Since assuming Office last year after her husband’s second term as leader ended, Cristina Fernandez de Kirchner has made one misstep after another. You may recall that earlier in the year we covered the repeated farmer’s strikes that resulted from her attempt to tax agricultural exports as one of the themes in the Corn market bubble. Her actions at that time helped prevent her nation –the second largest economy in South America, from realizing the full positive impact of the greatest commodity boom the world has seen.

Cristina –known by her first name among supporters, and her husband painted themselves into a corner with reckless debt policies. Their failure to settle with holdout bondholders over the remaining government debt issued before the 2002 default effectively shut them out of the private markets while their decision to print fictitious CPI numbers to hold down interest rate on inflation linked bonds sold domestically shut them out of IMF programs. Only Hugo Chavez, that champion of absurd socialist programs, was a willing lender, at a less-than-comradely 15% coupon.

Observers now expect that, if the legislation is passed, the government will effectively eliminate its debts to the private pension system. For Argentineans who lived through the default in 2002 and the resulting cycle of rampant unemployment and currency devaluation, this will mark the second time they have seen their savings disappear.

As the dominos continue to fall globally we will see more socialists leaders make desperate decisions as they try to stave off the inevitable.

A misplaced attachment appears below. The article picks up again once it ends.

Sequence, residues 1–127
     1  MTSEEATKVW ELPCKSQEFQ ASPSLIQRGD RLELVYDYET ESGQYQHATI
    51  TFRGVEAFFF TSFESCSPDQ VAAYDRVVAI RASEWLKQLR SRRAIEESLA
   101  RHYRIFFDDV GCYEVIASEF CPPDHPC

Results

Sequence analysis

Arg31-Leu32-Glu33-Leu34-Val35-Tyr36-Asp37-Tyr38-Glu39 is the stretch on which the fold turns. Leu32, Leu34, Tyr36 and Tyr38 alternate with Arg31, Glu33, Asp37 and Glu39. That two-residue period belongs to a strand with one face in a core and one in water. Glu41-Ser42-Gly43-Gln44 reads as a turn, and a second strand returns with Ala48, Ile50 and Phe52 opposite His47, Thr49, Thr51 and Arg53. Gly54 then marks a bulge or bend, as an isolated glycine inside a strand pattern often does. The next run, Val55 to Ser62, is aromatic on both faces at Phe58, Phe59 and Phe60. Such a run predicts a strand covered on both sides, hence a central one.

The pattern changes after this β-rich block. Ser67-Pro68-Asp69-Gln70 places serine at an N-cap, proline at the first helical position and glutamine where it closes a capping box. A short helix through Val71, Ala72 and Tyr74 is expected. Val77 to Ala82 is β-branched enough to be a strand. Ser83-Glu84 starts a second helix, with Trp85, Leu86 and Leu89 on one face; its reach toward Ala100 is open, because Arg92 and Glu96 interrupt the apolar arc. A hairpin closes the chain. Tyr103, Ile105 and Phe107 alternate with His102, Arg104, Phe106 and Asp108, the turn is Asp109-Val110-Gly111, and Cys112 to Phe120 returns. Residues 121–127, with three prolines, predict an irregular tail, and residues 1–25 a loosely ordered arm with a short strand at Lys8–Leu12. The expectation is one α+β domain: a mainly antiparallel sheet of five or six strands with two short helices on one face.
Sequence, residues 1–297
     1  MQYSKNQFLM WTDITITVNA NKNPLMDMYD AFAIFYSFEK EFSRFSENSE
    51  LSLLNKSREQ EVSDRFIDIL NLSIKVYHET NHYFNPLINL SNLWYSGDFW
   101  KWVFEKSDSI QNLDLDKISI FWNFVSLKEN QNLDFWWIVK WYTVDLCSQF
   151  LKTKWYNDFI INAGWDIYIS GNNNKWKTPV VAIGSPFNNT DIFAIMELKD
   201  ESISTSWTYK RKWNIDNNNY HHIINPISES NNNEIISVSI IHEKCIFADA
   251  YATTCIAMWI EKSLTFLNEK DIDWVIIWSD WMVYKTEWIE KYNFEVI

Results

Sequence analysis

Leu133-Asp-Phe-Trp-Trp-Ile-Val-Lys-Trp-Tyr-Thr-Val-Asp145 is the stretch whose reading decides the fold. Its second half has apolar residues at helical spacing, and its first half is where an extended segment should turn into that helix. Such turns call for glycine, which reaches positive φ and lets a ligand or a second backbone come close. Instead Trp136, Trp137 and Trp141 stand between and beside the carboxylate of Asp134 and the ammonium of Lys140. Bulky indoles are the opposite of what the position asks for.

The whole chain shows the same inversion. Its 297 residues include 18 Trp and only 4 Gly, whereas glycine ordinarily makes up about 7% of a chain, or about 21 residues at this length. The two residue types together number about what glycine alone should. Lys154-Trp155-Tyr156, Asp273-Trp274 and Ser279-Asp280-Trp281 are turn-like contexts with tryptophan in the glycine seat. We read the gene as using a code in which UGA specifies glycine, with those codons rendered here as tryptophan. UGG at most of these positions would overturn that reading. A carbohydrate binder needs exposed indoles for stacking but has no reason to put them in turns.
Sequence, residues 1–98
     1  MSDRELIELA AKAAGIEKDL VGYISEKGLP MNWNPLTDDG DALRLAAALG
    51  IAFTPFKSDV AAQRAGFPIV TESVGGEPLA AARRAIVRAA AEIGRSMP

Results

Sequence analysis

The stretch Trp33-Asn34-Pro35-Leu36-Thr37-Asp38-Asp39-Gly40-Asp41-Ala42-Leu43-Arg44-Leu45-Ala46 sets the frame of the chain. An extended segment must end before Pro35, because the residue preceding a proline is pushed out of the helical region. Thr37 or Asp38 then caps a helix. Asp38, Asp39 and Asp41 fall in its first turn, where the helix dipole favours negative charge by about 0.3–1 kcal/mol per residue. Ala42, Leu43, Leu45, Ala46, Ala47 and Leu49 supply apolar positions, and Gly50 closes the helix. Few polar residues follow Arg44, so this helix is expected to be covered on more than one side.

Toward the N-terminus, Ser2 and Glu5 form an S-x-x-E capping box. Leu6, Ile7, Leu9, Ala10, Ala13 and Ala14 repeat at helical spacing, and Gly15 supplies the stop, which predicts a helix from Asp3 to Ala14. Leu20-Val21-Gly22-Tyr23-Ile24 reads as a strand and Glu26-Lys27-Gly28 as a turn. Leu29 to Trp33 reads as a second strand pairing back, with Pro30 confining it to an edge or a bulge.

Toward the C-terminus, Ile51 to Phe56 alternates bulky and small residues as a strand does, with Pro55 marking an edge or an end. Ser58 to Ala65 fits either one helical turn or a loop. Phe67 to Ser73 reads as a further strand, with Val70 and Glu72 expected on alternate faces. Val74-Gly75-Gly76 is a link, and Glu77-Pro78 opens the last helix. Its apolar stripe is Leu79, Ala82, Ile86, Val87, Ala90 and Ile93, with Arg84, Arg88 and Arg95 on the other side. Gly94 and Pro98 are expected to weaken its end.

Andrew Barber
Director

PINNACLED IN ARGENTINA

The Argentinean stock market plunged 11% today on news that the government will nationalize private pensions to the tune of $29 billion. Government bonds are now yielding 24%. The fall in commodity prices is already taking its toll on an economy that generates the majority of its export revenue from raw materials. The government’s cash grab could be another step to a governmental and/or economic collapse.

While buried in the international section of the PNK’s EBITDA tables, Casino Magic Argentina actually generated almost $15 million of EBITDA in 2007, or 9% of total company EBITDA. This is a real number and it is very conceivable that this EBITDA could go away.

FXI: PANDAS

The China bear narrative has kicked into full gear from the front page of the Wall Street Journal’s dire warnings to the constant chatter on financial television about the chilling impact on the global economy.

The glass half empty argument is straight forward: GDP came in at 9% - significantly below growth levels in previous quarters and below consensus estimates. Industrial Output is cooling -something that the commodities markets (particularly copper) have already been telling us for months, and the global slowdown is hurting Chinese exporters. Today the Ministry of Finance announced increases in export rebates for manufactures of consumer products like textiles and toys to help offset slowing demand from the US & EU. A bleak picture.

Our, somewhat contrarian view is that all of this signifies a shift in the nature and trajectory of Chinese growth, but not its direction. Retail sales held in strong for September as both consumer and producer inflations levels came down. It looks clear to us that China’s economy will redirect towards domestic consumption as its primary driver. This transition will not be without hiccups - greater seasonality and more modest near-term growth rates for starters, but it should also enjoy the benefits of a more diversified base and the potential for sustained long-term growth as domestic consumer markets in the central and western provinces continue to develop.

Currently we are continuing to hold our FXI position although it is almost 4% below our entry point. We often find ourselves taking a contrarian stance, but that is not because we seek it out. If the fundamental data points for our China thesis deteriorate than we will adjust our opinion, but for now the glass appears more than half full to us.

Andrew Barber
Director